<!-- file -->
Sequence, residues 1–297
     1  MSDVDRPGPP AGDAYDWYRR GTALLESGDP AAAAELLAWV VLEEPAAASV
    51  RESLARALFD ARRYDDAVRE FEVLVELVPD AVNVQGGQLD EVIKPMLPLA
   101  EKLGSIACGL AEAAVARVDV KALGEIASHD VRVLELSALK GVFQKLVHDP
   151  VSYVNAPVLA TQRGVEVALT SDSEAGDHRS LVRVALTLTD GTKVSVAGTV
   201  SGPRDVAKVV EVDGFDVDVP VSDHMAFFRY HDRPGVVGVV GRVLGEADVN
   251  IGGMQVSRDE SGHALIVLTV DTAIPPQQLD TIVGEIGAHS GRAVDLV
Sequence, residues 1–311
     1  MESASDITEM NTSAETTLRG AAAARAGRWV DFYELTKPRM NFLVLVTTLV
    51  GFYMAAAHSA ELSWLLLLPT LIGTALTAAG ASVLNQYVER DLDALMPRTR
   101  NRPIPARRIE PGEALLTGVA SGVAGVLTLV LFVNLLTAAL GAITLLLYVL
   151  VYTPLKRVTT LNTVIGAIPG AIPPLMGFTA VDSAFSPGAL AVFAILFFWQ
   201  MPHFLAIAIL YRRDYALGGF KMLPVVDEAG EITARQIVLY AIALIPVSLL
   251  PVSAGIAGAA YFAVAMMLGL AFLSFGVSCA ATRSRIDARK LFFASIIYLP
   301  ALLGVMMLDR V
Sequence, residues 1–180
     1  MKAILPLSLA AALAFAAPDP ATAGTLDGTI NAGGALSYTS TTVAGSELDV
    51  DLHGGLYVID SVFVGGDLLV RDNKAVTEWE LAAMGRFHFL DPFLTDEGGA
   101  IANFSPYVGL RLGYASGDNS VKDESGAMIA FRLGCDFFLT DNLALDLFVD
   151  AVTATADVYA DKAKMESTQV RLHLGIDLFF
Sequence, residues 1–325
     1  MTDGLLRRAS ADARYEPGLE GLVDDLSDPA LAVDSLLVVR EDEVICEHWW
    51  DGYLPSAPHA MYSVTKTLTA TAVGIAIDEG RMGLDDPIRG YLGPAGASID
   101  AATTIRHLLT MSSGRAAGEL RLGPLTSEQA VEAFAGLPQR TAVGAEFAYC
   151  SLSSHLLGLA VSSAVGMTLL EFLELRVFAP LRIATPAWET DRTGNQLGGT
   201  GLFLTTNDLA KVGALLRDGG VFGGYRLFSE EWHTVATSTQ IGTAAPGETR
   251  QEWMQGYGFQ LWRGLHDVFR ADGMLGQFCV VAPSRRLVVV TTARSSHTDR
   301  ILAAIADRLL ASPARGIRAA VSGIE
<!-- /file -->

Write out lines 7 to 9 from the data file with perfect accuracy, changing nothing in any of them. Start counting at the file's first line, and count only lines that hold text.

   251  IGGMQVSRDE SGHALIVLTV DTAIPPQQLD TIVGEIGAHS GRAVDLV
Sequence, residues 1–311
     1  MESASDITEM NTSAETTLRG AAAARAGRWV DFYELTKPRM NFLVLVTTLV